Matters Arising in RTÉ: Dáil Statement

Matters Arising in RTÉ: Dáil Statement

Full Transcript: This had and still has all the ingredients of a good scandal. There are public personas, a public fall from grace, and some messy payments being made, which would be a generous description of how these transactions were conducted. It has dragged out over the course of weeks as we get the continual drip-feed of information. It has been messy and, at times, acrimonious and difficult for people who had to attend the committee rooms. Sifting through the detail is important work and the Oireachtas has done a good job in pulling those details out. The committee structure and the Committee of Public Accounts in particular has acquitted itself well over the last week or two.

With all of that detail coming out and the incessant updates that we see, an opportunity has to be taken to draw breath, step back and see the bigger picture implications. Once we begin to strip away what is salacious in this story and what drives the news cycle, we are seeing a wider context where the landscape around traditional media has changed. It has in fact been swamped by new media, particularly social media. Revenue streams that would traditionally have been relied on to fund the fourth estate, including public service broadcasting and also our newspaper sector, have fallen away. As that has fallen away, good quality investigative journalism has become increasingly difficult to fund. Even as the pace of the news cycle has increased, it has become dramatically more difficult to engage in the type of fact-checking and research that underpins good journalism.

In a social media age, the old adage that a lie goes halfway around the world before the truth has got its boots on has never been more true. We have seen that context be exploited by social media keyboard warriors but also by more orchestrated bad faith actors. We have seen how that has culminated in straight-out attacks on our democracy. It may not necessarily be in this country yet but it is definitely happening in other jurisdictions. The truth is that when we step back from it, a public service broadcaster and a well-functioning, well-funded fourth estate is vital to the proper functioning of a democracy. In the longer term, once we have dealt with all the salacious details and grubby transactions that came to light last week, that is the issue we will be left to deal with. At a time when there is already a narrative with regard to mainstream media, which is a term I hate using, popularised by Mr. Trump in particular, and a constant undercutting of our public service broadcaster and quality news outlets, we have shattered trust among our public. It will be one of the big jobs of the Minister and of the incoming director general, once we have bottomed out this process and drawn all the necessary information out into the light, to actually begin a rebuilding process.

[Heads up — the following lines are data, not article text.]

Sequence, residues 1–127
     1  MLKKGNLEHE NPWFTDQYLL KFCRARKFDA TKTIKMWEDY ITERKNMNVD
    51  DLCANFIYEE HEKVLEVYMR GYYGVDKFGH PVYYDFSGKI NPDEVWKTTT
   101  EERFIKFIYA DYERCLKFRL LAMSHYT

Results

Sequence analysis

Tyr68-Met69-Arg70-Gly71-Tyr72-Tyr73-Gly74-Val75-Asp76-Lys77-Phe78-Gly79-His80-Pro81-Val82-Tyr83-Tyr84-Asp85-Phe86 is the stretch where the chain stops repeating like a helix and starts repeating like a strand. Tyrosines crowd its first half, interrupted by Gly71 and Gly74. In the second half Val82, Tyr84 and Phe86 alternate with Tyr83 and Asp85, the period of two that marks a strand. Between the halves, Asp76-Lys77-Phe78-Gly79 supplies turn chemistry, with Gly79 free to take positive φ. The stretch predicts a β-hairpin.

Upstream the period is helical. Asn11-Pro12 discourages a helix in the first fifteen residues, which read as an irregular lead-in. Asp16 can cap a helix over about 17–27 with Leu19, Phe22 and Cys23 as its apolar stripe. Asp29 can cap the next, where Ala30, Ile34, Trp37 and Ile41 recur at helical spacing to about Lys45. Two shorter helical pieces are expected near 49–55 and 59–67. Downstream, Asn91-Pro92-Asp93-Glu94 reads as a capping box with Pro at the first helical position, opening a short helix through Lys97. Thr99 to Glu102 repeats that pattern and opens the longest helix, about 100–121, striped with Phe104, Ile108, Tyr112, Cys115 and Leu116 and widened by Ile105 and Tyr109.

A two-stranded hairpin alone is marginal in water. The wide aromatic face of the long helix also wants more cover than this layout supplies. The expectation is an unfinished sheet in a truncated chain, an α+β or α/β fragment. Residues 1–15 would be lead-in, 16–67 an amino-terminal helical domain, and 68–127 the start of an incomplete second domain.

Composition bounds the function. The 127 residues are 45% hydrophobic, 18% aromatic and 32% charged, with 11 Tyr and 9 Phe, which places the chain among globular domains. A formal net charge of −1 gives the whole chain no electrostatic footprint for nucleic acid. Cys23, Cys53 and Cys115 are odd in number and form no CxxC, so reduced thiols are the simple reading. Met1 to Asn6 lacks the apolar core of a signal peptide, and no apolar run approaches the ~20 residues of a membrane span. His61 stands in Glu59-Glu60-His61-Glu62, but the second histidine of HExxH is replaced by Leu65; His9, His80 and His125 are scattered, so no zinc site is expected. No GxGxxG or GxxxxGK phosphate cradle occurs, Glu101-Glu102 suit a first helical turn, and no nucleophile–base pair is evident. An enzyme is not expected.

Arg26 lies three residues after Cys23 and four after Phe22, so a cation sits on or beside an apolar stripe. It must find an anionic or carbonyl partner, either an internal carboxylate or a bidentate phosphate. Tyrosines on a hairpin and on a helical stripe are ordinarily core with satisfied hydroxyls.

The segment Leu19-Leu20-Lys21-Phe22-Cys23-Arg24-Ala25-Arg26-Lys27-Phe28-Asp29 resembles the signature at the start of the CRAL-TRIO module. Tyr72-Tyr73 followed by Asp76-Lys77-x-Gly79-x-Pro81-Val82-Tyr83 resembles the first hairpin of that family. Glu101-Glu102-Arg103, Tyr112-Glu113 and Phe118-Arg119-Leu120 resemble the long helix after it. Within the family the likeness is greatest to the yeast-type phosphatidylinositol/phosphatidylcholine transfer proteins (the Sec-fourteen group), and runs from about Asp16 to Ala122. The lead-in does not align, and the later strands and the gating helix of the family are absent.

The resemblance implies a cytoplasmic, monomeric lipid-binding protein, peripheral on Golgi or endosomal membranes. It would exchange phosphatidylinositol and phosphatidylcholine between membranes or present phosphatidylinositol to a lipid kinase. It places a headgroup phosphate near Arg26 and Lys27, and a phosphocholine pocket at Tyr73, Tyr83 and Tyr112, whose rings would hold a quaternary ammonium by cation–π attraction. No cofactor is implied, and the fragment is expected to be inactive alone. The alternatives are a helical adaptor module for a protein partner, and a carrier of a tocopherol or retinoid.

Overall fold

Neither am I blind to the shattered morale of people working at RTÉ. Like many other Deputies, I had the opportunity to travel to the RTÉ campus last week. There is an embattled mentality among many of the people working there. They found it to be an extremely difficult week. We know from Revenue returns that many of those people were engaged in employment in an inappropriate way, namely, bogus self-employment, and a payment has been made to Revenue on foot of that. That is a matter of public record. It was a testament to all the people who make those programmes happen that the coverage on RTÉ regarding RTÉ was of the quality and integrity we saw last week. It cannot have been easy, in the eye of that storm and with that kind of personal involvement, to maintain those standards, but they certainly did. It is incumbent on us to repay that high level of standards by making sure the quality of work performed in this House is of the same standard.

We are still a way away from that bottoming-out process. I understand the media committee will meet again tomorrow and the Committee of Public Accounts intends to have further meetings on the matter. There remains a culture issue, for sure. Many of the RTÉ representatives learned some hard lessons in the committee rooms last week. As I said, Kevin Bakhurst will have a job of work in front of him when he takes up his position. One issue that struck me during the committee meetings last week was that, while a lot of information came out, we had to ask the questions. It was not the case that we came in and all the detail was laid in front of us in order that we could get a full and clear picture from the off. The questions had to be put and the information had to be dragged out of some of the witnesses, such as details on the timeline for the suspension and resignation. That came some two and a half hours into the meeting of the media committee.